Hypospadias is a term some specialists prefer to reserve to describe the male condition; in females, vesico-vaginal fistula (a passage from the bladder to the vagina) is the preferred diagnosis. In rare cases, this passage is the urethra. Diagnosis would depend on whether there is a normally located native urethra in addition to the fistula, the presence of which would exclude hypospadias. Girls with fistulae or hypospadias will urinate from the vagina, often with discomfort due to the irritating properties of urine. Children of both genders may have frequent or recurring urinary tract infections and in these cases follow-up investigation is often indicated to determine if urinary tract anomalies exist, or if reflux is present at the kidneys.

Hypospadias can occur in generations of families in a classic hereditary pattern and also as isolated cases. Most hypospadias is isolated, so while it can be passed down, it is not necessary to have a relative with hypospadias for there to be a possibility it will occur. Estimates are that there is an 8% increased risk of hypospadias if the father is affected, and 12% increased risk if an older sibling is also hypospadic. Please note that this is NOT an 8 or 12 percent risk of hypospadias in any random birth. It is an estimate of the increase in the overall background risk of bearing a child with hypospadias.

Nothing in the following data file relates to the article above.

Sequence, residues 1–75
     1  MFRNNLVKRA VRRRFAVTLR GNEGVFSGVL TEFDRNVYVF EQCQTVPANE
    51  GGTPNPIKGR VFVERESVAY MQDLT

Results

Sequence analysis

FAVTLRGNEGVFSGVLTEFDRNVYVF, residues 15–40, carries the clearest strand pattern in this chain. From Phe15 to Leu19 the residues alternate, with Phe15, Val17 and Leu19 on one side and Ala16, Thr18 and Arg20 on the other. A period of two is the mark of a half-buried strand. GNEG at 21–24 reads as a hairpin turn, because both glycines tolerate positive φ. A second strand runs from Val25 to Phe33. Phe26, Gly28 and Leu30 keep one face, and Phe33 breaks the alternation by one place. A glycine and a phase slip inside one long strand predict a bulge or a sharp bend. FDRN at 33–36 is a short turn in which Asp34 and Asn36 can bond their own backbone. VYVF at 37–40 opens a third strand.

Overall estimates of the rate of occurence of hypospadias range from 1 in 300, to 1 in 125 live births, and like any other human demographic, the numbers change by location, accuracy of record keeping, consistency in classification of the difference and so on. While there is some difference in rates by race, the differences are not statistically significant. Hypospadias occurs in all races and ethnicities. Some researchers have concluded that hypospadias is increasing. Others have not reached that conclusion, pointing to inconsistent reporting of hypospadias in the past, and natural fluctuations in annual statistics.

Some things we don’t know about hypospadias:

  • There is a lot of internet content on pesticides, pthalates, phytoestrogens, DES, prescription drugs, industrial pollution and so on, and the hypothetical effects on birth defects. While we do know that certain prescription drugs can cause hypospadias, the links between hypospadias and other substances in the environment have not been proven. At this time, there is no proven single cause for hypospadias, and since hypospadias is highly variable in form and occurence, it is likely that it is caused by multiple factors.

Arthur: Douglas J